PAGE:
A page from a pamphlet with a photograph of a Native American Man.


follow a diet and exercise program,
and participate in a cultural education
program about their native heritage to
learn more about the healthy lifestyle
of their ancestors.

“We wanted to find out how best to
work with people to bring about
lifestyle changes,” says Dr. Narayan,
co-director of the pilot study.

The two groups in the pilot study
were called Pima Action and Pima
Pride. Volunteers in the Pima Action
group were encouraged to eat a lower-
fat, higher-fiber diet. The staff encour-
aged study participants to increase
their consumption of foods such as
beans, fruits and vegetables, and
suggested recipes that can be prepared
at home. The educational program
included discussing healthy traditional
behaviors that involved nutrition and

Volunteers in the Pima Action group
were also encouraged to exercise three
hours a week. Individuals were ex-
pected to expend additional calories
exercising in leisure and occupational
activities they enjoyed, recording their

activities in a journal. Program staff
met with study volunteers at 3, 6 and
twelve month intervals to measure
their progress. To maintain motivation
and morale, volunteers exercised or
worked in groups when possible, and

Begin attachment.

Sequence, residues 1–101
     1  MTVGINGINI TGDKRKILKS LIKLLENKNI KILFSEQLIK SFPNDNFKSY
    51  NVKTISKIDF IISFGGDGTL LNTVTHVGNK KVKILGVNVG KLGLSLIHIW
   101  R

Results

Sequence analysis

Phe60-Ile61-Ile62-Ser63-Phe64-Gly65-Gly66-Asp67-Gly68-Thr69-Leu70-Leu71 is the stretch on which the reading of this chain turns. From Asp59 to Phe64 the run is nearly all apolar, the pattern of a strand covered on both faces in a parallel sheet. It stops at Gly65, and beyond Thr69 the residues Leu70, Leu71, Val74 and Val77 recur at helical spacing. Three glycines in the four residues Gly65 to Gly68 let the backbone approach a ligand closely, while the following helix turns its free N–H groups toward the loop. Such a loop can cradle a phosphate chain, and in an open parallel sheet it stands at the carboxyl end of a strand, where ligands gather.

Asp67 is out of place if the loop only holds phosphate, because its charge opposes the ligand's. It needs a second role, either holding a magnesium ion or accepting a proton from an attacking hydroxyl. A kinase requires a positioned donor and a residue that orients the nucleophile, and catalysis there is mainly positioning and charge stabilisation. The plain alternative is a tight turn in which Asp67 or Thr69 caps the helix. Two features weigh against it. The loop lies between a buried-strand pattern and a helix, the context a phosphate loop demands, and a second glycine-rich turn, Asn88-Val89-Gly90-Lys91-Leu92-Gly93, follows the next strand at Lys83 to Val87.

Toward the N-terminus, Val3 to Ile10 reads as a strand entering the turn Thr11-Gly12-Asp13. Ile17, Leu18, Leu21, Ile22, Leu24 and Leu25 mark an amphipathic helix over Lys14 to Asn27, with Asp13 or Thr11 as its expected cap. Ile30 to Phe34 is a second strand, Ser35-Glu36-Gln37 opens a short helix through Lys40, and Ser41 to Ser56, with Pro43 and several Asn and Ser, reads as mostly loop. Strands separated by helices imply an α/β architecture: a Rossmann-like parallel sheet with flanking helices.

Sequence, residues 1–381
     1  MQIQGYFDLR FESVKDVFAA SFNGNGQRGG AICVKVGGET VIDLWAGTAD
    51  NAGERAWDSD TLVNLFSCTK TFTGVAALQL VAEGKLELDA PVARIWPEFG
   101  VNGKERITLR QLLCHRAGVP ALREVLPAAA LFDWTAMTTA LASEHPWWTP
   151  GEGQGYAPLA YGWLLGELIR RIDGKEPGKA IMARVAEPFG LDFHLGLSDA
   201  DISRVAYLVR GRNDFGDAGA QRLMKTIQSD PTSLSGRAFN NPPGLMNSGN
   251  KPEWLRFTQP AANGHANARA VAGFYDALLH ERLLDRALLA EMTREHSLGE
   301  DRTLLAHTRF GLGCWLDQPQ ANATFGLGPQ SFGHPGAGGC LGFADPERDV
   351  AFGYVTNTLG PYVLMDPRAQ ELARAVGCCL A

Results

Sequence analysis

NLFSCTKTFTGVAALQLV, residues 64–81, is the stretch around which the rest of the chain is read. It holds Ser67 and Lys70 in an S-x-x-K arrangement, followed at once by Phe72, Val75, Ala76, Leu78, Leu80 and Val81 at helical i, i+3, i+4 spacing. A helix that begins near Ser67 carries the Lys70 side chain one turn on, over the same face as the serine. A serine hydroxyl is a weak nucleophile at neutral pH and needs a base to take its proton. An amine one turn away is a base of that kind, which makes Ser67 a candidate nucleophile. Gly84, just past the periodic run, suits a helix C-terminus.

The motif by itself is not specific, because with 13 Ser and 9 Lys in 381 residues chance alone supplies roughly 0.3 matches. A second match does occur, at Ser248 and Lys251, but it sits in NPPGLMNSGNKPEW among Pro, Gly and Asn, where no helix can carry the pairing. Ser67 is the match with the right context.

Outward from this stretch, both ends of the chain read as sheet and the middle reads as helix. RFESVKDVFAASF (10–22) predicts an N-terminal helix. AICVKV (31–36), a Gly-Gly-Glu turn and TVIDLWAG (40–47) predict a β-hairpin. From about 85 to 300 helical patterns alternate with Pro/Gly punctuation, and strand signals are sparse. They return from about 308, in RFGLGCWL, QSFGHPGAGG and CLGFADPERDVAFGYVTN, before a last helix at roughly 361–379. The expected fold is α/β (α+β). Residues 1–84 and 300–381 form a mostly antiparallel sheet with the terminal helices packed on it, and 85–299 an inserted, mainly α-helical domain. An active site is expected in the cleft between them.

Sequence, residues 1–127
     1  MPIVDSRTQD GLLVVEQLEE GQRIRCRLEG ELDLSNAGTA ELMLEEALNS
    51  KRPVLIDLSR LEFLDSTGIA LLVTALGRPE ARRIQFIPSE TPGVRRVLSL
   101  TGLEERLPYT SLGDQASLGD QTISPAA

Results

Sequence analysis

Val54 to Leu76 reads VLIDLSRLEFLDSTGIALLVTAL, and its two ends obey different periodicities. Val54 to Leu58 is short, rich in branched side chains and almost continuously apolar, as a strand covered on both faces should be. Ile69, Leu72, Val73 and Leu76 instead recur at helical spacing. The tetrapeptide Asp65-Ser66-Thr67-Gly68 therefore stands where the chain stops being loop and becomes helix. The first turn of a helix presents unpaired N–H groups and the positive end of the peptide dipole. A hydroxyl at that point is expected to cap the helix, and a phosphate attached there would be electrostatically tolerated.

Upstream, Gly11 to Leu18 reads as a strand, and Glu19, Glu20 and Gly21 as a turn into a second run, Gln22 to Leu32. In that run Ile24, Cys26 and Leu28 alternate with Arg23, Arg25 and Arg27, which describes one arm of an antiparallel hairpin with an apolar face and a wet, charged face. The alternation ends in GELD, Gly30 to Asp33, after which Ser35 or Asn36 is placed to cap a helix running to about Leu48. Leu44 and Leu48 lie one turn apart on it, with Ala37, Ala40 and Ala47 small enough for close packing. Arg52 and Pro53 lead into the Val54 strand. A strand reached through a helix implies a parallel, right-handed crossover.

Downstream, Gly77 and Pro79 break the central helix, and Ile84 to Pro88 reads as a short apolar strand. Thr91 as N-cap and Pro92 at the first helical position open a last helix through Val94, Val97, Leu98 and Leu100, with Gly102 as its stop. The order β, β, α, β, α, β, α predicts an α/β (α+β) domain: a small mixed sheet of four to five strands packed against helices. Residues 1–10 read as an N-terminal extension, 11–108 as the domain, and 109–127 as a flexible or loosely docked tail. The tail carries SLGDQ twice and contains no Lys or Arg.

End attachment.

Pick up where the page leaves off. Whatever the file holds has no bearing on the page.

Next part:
were followed by local trained staff.

While Pima Action focused on weight
loss, Pima Pride was an educational
program that encouraged study volun-
teers to discover how their ancestors’
values and lifestyle are relevant to their
lives. Participants in Pima Pride
attended presentations by community
members and others to learn more
about their ancestors’ healthy diets
and lifestyles.

Results from the pilot study have been
promising, says Dr. Narayan. “What
we’ve seen so far indicates that study
participants are eager to try to make
healthy lifestyle changes. Individuals
have been willing to participate in the
study and follow the goals. We’re en-
couraged that the larger study will be

After completing analysis of the data
from the pilot study, the researchers

will make adjustments to the diet/
exercise and cultural education pro-
grams. They are developing an inter-
vention that may combine other
treatments with the best aspects of the
Pima Pride and Pima Action programs.
Recruitment for the study should
begin in 1996.

— Lorraine H. Marchand

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